Risk appetite has shown a resiliency post-pandemic that seems almost unflappable…at least if you are looking at the top performing markets. A broader review of ‘sentiment’ through a variety of generally lower correlated assets seems to show a meaningful loss of traction in recent months from the global (non-US) equities, emerging market assets, carry trade and commodities with a speculative connection. First, it is important to define ‘risk trends’: I consider it the underlying appetite for either greater return or greater safety of funds for capital allocation regardless of region or asset type. That said, when traction on mature systemic trends (like the post pandemic and post-GFC) bull trend start to flag; there is often an intensified urgency for short-term speculative returns before the momentum fully dries up – or the floor drops out, in a worst case.
I believe the chart below epitomizes the speculative concentration as the tech-heavy Nasdaq 100 and blue-chip Dow Jones Industrial Average ratio returns to the Dot-Com bubble era peak set back in March 2000. The historical reference should not suggest things are exactly the same as back then or that we will reverse directly from this high. Rather, it highlights the extreme preference among highly correlated indices. The need to squeeze out a little more has hit extremes while the market backdrop has eroded.
Chart Created on TradingView
Extremely accommodative monetary policy regimes adopted and scaled over the past decade were always meant to be a temporary strut for ailing economies, but somewhere along they became dangerously important to the structure of the financial system. With so much exposure in the markets, increasing the cost of capital represented a serious struggle for investors. Now, the major central banks of the world are being forced to face the flagging ineffectiveness of their programs not due to a strategic withdrawal but in a rushed response to stubborn inflation.
There are reasonable debates to be had about the wisdom of withdrawing the exceptional accommodation now, including recognition that it could trigger/amplify an overdue financial market retreat or that it could cool an economic recovery that is already slowing and is facing a fourth wave of infections from the persistent coronavirus. Inaction can carry as many risks as moving too early, and policy officials seem intent on starting the process while acclimating the market. To gauge the trade off of higher rates threatening a stall out of economic activity, I will refer to one of the macro-standards: the 2-10 yield spread. In reality is the US 10-year Treasury yield deducted from the 2-year duration. Should it continue to slide – and especially if it is on course to invert – it is considered a historical recession signal.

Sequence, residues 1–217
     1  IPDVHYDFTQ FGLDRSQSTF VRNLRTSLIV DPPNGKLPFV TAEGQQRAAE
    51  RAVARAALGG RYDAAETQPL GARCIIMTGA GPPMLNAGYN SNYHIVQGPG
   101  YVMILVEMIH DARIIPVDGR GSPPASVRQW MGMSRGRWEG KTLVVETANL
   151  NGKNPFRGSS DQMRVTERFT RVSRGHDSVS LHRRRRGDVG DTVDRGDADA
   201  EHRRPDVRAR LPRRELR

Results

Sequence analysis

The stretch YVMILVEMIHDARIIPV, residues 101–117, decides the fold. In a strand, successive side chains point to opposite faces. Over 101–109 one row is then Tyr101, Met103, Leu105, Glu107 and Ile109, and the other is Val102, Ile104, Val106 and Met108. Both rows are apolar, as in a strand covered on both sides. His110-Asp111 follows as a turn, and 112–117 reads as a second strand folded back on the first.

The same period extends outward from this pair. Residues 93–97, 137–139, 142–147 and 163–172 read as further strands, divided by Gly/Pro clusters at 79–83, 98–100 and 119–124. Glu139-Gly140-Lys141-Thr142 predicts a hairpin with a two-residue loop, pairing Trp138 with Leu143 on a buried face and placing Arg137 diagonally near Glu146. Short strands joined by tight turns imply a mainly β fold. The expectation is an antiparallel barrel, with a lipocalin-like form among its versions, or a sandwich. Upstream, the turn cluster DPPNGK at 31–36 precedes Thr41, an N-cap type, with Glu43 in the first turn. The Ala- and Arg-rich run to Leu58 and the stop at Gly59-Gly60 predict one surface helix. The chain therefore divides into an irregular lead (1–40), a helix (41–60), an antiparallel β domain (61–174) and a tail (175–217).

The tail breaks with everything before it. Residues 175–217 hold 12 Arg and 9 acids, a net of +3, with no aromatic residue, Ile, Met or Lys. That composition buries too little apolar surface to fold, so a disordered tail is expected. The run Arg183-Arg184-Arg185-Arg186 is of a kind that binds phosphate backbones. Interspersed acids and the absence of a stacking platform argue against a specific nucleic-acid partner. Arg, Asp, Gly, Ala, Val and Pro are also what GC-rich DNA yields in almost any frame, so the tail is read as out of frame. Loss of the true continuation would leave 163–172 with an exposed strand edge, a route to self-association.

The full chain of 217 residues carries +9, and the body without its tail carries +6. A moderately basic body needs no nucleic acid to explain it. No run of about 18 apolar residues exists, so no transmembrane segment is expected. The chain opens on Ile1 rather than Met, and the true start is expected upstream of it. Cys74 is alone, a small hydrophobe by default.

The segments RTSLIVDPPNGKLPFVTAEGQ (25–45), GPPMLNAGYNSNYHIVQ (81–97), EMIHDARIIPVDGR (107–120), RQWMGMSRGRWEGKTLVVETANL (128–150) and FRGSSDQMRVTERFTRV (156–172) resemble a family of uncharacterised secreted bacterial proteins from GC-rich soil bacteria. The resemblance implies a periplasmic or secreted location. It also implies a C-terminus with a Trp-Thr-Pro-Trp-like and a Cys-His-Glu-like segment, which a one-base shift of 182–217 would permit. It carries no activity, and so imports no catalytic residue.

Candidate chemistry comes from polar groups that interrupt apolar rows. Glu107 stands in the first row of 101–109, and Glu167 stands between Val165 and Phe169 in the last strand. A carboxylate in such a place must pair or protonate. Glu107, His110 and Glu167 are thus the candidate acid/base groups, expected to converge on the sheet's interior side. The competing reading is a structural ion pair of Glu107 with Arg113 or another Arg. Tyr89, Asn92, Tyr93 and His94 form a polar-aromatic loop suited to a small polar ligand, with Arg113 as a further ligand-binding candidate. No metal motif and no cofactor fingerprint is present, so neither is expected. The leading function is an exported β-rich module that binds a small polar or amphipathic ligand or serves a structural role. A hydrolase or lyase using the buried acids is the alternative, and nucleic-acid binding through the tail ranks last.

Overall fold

While it is important to track monthly inflation stats from the US, Eurozone and other major countries; that data very often lags and there is always discussion over the appropriateness of the indexing. If you want to get into the economic weeds of those matters, have at it. However, I find energy costs a fairly good macro measure that operates through real cost and consumer expectations in real time. That said, crude oil has been racing higher since its brief inversion back in April 2020. The WTI benchmark of crude in the US hit six year highs just a month ago, which rose serious concerns about inflation cutting into growth and prompted Western leaders to pressure OPEC and release domestic strategic reserves.
Whether through these actions or a natural market reaction, crude put in for a -20 percent drop through November. That is one of the third largest single-month slide back to the height of the Great Financial Crisis back in 2008. Could this be a sign of economic growth starting to recede through a demand curb or could this prompt the Federal Reserve and others to slow their efforts to reverse course? Keep track of this chart to find out.
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